In this blog series, Molly will be (virtually) traveling around the globe to explore the way cheeses are enjoyed and incorporated into different cuisines. Some of these cheeses and methods might seem familiar, while others might be completely new to you. Last week, we talked about Japan, where artisanal cheesemakers are starting to make a name for themselves with recipes inspired by Japanese cuisine. This week we learn about Mexico and one lucky reader will win a free copy of culture! Get more stamps on your cheese passport and join us for a historical and cultural adventure!
Despite being an important piece of the gastronomic culture of Mexico, it has taken the United States a long time to notice the cheese produced there. Traditional Mexican cheese goes far beyond the pre-shredded packaged blends we put on our tacos, and it provides some insights into the history of our neighbors to the south.
Dairy wasn’t a part of the Mesoamerican culture before the Spanish conquistadors arrived with cows, sheep, and goats. This introduction of dairying and ranching had quite an impact on Mexican cuisine, and now the country is one of the largest consumers of cheese in the world. When cheesemaking began in the country in the mid-1800s, there was no culture of affinage or refrigeration. People would make a queso fresco (fresh cheese) of pressed curds that were lightly salted, somewhat similar to paneer. This cheese is meant for eating the day or week it is made.
The variety of cheeses there doesn’t even begin to match that of France, but approximately half of the cheese produced is still made at home or in quesarias (creameries) or ranchos (farmstead operations). Mexicans usually use cheese as a garnish for dishes or in cooking (rather than as a course or snack as we’ve seen in places like France). Cow’s milk is used almost exclusively to make traditional Mexican cheeses, though small quantities of sheep and goat’s milk cheeses can be found in some areas of the country.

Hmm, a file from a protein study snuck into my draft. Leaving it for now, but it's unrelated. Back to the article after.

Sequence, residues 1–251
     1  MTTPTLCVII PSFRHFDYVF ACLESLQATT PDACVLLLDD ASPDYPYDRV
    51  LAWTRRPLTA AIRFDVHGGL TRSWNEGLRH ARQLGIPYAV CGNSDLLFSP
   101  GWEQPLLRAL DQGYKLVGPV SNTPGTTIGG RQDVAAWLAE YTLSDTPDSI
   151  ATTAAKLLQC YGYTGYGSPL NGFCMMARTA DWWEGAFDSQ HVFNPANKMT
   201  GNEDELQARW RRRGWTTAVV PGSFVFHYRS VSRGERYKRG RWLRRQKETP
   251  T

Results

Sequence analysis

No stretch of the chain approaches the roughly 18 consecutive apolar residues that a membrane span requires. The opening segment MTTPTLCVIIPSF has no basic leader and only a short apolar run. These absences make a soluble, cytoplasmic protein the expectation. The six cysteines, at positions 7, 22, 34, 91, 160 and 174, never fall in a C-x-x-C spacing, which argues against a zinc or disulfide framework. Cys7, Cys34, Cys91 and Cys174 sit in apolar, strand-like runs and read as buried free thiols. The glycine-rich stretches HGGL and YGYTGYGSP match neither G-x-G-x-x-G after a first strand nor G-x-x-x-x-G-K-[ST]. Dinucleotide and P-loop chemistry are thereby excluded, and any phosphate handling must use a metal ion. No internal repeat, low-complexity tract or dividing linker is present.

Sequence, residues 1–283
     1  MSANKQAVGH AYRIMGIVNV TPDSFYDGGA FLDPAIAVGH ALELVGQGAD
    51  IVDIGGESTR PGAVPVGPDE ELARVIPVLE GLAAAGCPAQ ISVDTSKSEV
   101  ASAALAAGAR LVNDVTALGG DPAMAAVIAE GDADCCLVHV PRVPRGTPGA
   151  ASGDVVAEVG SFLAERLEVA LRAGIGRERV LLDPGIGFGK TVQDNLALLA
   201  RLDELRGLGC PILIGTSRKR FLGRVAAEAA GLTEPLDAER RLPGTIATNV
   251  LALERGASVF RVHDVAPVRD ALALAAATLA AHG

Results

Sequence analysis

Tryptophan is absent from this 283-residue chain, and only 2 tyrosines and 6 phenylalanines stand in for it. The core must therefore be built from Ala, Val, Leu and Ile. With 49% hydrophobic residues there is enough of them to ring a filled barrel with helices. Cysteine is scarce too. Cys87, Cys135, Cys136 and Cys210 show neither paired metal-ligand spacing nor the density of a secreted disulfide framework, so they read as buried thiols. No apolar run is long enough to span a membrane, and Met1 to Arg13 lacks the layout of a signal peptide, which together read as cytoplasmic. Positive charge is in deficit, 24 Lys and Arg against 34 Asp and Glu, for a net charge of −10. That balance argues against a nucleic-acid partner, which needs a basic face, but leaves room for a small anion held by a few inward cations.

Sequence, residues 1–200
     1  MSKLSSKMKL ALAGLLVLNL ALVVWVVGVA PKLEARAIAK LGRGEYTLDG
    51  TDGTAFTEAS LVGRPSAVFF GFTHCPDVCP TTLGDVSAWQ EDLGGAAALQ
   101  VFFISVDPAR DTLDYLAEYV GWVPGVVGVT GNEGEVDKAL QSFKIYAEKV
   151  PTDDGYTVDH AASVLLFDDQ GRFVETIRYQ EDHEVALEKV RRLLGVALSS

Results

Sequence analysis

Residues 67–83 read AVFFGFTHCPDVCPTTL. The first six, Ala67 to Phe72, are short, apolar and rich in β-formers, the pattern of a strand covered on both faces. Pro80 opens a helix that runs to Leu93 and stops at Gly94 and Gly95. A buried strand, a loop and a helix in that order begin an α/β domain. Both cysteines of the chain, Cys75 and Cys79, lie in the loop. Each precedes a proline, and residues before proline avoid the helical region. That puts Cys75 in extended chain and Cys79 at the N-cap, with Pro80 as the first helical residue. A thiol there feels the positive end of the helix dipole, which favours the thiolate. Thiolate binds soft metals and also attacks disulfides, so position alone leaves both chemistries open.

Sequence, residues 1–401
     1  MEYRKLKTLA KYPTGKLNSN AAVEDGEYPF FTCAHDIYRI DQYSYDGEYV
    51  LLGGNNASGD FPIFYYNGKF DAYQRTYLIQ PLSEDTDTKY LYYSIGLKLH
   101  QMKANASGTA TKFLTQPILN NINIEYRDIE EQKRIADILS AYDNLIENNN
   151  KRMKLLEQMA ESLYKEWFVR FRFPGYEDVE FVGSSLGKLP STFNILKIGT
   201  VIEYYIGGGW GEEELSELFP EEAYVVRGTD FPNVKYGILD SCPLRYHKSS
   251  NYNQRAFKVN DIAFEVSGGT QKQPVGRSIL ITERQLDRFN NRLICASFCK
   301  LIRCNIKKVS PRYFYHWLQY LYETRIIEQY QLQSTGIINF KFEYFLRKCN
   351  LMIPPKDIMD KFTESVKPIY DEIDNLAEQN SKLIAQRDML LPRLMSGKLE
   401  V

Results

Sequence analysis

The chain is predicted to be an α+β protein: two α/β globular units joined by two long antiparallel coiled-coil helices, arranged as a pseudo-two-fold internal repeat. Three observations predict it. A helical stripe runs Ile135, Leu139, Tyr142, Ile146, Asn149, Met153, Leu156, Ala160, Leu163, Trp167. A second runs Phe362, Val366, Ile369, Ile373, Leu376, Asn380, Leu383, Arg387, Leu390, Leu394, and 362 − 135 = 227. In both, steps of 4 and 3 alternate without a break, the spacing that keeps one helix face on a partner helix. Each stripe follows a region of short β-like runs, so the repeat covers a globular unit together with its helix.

Besides queso fresco, another popular cheese in Mexico is queso Oaxaca, named for its state of origin, but also known as quesillo (small cheese) or queso de hebra (string cheese.) It is a pulled-curd cheese, that is usually sweet and acidic, often used to make quesadillas, since it melts very well. Cotija is a semi-firm cheese, traditionally made from raw cow’s milk and aged, producing a dense and crumbly texture with a lactic tang and saltiness. For more information about traditional Spanish cheeses, check out this list from Diana Kennedy, who is often referred to as the “Julia Child of Mexico.”
Mexico has developed an artisan cheese movement over the past few decades, but like many of the countries we have visited in this series, most of these cheeses are only available in local markets. The country exports some industrial cheeses to the United States, but for the most authentic flavors, look for cheeses produced in Hispanic-owned factories. Cesar’s Cheese in Wisconsin and Ochoa’s Quesaria in Oregon are some of our favorites here at culture.
What’s your favorite way to eat Mexican cheese? Do you have any recipes you want to share? Comments must be posted by 11:59 p.m. EDT on Tuesday, September 2, 2014, to be eligible to win. So comment today and stay tuned for next week’s post, when we travel to back home to the United States!
Photo Credit: Featured image of Cesar Luis and family courtesy of Edible Milwaukee